> the present day generation to effect legitimate change Halacha....

The meta-problem would be that each 'courgeous" rabbi could ignore
precdent and do his own eis la'sos Lashem

This is waht happened in the beginning of the 19th centruy and we now
call this Reform. Virtually every Reformer claimed that they were doing
Reforms lisham to keep Jews from converting out. Someimtes th Halachic
community needs consensus to reign in well-emaing rebels.

To paraprhase, "the Road to Reform is paved by good intentions"

Solmon Schahcter - hardly a right wing radical - saw the dangers inehdrest
in lack of consensus and formualted "Catholic Israel."

My version of Catholic Israel is a bit more restrictive. It outght to
include a broad spectrum of BOTH poskim and Observant Jews. It need not
be unanymous because that will NEVER happen <smile>

If you get a BD that is a da's yachid in liberating agunos, you are
inviting a split over mamzeirus. It will not fly any better than
R.Yreshoshua's dissent on the calendar.

OTOH, I do not exepct R . Berkowiz to change his opinoin. I doubt if R.
Yehoshau did either. Deference to consensus is a matter of humility
not of blind oberdience. Sometimes an individual needs to surrender
his will to the majority or go off and start his own sect.
 
Regards and Kol Tuv,
RabbiRichWolpoe@aol.com


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Date: Wed, 5 Dec 2001 14:18:45 EST
From: RabbiRichWolpoe@aol.com
Subject:
The Abrogation of the Shulchan Aruch


The meta-questoin is:

How does a Halachah become binding?
Can any Talmid Chacham revise or overturn the SA based upon is version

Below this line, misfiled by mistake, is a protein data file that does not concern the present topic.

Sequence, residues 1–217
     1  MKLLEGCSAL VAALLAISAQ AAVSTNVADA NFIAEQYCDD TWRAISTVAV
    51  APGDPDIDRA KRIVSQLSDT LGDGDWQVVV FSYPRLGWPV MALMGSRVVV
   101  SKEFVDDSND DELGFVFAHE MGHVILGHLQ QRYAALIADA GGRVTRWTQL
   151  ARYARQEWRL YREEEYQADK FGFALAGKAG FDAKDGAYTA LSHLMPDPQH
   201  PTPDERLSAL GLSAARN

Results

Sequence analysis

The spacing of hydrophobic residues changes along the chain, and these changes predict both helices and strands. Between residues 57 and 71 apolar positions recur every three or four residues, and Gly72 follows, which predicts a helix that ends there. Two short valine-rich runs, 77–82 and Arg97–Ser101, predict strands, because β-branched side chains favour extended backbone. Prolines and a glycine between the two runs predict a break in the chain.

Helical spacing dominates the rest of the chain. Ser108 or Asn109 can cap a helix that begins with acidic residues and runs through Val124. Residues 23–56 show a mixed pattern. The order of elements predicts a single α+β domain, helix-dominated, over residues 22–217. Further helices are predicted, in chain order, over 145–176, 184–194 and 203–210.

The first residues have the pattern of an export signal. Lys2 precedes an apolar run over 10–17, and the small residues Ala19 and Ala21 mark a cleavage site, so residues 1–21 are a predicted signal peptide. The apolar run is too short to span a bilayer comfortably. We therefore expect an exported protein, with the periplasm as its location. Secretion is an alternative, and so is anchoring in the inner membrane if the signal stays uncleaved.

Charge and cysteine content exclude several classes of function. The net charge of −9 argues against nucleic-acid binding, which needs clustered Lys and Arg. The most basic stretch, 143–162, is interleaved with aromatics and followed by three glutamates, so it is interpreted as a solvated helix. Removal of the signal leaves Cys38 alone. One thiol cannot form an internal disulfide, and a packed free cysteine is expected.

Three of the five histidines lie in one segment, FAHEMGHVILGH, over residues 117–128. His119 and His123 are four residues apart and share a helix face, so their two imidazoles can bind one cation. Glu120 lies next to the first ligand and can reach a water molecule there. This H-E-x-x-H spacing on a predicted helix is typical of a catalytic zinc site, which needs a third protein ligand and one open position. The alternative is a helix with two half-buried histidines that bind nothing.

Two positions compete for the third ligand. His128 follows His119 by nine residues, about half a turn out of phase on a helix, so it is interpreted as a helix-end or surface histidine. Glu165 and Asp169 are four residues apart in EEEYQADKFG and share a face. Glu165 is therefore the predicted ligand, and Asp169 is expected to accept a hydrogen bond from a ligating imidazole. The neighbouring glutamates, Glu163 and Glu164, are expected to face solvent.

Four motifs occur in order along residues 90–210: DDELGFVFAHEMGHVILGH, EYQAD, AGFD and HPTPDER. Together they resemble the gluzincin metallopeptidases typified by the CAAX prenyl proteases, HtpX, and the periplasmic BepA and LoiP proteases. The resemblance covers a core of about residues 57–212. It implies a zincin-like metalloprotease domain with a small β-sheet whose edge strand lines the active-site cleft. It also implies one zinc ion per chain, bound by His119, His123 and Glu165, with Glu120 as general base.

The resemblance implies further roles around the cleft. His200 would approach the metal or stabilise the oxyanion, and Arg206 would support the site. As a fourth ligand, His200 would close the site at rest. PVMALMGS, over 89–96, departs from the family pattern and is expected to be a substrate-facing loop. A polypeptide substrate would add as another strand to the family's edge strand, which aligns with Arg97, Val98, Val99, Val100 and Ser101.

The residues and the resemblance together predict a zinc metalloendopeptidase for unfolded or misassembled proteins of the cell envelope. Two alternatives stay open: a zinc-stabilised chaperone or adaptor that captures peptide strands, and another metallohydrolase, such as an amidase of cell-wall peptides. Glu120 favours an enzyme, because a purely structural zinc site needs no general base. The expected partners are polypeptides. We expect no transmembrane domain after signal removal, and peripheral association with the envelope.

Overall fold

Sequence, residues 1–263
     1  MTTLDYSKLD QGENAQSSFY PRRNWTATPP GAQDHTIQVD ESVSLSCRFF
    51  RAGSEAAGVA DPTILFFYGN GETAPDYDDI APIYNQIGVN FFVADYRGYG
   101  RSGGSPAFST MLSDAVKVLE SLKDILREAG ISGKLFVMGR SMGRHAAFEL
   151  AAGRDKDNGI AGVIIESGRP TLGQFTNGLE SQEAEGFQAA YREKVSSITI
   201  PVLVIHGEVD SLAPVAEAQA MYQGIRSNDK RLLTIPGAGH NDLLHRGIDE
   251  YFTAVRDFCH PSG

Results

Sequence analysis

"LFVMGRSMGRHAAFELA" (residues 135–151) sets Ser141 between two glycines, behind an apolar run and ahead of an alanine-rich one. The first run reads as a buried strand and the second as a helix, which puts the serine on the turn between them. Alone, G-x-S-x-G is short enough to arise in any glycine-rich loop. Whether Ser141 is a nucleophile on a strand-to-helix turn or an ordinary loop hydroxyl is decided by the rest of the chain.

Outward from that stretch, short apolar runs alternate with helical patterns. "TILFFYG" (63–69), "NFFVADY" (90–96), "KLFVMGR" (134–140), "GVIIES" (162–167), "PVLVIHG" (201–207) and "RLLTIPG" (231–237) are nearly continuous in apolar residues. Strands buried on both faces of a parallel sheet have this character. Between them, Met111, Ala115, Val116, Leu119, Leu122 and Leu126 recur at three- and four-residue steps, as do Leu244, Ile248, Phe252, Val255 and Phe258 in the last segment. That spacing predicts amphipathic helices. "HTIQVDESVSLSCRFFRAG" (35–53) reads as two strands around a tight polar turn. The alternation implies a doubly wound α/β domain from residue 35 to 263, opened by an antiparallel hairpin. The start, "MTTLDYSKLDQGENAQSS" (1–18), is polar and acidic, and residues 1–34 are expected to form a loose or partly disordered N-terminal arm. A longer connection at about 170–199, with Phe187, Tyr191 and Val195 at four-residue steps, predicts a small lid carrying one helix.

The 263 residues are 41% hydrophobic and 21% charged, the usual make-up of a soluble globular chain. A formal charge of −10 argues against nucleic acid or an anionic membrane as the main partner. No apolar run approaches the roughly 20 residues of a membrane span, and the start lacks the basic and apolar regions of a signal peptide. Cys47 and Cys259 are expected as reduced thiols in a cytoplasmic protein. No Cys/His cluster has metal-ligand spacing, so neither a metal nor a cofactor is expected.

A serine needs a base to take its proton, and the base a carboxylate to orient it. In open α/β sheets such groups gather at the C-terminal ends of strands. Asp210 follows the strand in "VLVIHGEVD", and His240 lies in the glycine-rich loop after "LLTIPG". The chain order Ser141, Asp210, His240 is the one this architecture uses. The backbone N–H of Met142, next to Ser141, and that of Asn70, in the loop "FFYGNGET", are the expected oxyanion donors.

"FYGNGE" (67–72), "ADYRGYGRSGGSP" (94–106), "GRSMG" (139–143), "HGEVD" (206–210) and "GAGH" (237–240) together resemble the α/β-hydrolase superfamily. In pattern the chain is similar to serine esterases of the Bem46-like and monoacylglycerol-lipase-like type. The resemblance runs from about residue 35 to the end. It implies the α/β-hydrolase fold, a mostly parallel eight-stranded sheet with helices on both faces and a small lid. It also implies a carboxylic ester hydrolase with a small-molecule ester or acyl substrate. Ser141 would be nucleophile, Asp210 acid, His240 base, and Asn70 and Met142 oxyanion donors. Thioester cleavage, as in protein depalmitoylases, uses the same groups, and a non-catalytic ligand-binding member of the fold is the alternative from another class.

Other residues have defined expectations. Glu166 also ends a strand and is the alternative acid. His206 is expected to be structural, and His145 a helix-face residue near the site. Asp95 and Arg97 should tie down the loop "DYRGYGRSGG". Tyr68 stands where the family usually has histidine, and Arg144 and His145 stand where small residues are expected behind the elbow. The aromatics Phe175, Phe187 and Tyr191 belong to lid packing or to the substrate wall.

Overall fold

of the Talmud?
Can he do so lacking ANY Rishonim
Can he do so with a Da'as Yachid
Can he do so relying upon Gaonim.  

According to somehting I Heard,the Rambam holds that ANY post Talmudic
source is up for debate that ONLY the Talmud is fixed.

Then we need to decide WAHT is fixed inthe Talmud. What are the Klalei
hora'ah?

Regards and Kol Tuv,
RabbiRichWolpoe@aol.com


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Date: Wed, 05 Dec 2001 15:33:43 -0500
From: "Eric Simon" <esimon@BOP.GOV>
Subject:
Q on Yayishlach


At 34:5, why did Yaakov Avinu wait until his sons got back from the field.
His daughter's been raped, and he wants to hear from his children?
(And, childlen they were: Shimon and Levi were 13, Dina was 8).

 Eric


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Date: Wed, 5 Dec 2001 23:47:01 +0000
From: Micha Berger <micha@aishdas.org>
Subject:
On Learning Tefillah


Here is my father's, R Avi Berger's (BCC-ed), article in his shul's
newsletter for Elul (with some typos from yours truly.) I think this
call is equally applicable to our chevrah, and speak to the heart of
what avodah means and how to add some hislahavus to our tefilah (some
aish to the das).

-mi

[Compliments of the qehillah taking the initiative in other projects
deleted.]

With all that is going on in Eretz Yisroel, with Am Yisroel and with our
friends here, don't you with you could do something? Let's use our gift
of leadership to pilot a program to develop communication with HQBH.

Development implies learning. I would like to propose a chaburah/chavrusah
program directed towards the greater understanding of tefilah, its
meaning and purpose. We will then have a better sense of what we want to
communicate to HQBH, HIS response, and an unserstanding that will help
us elevate our conversation with HQBH to a more meaningful, purposeful,
and enjoyable experience.

Imagine the excitement of learning new meanings to the brachah sheAsa li
kol tzorchi or the anguish in realizing that we say veAhavta three times
a day without thinking of our love for the Mi sheAmar veHayah haOlam.

Don't you share my envy of the freshness of the baal teshuvah's
tefillah? To many of us, most of our avodah is purely rote. Sometimes,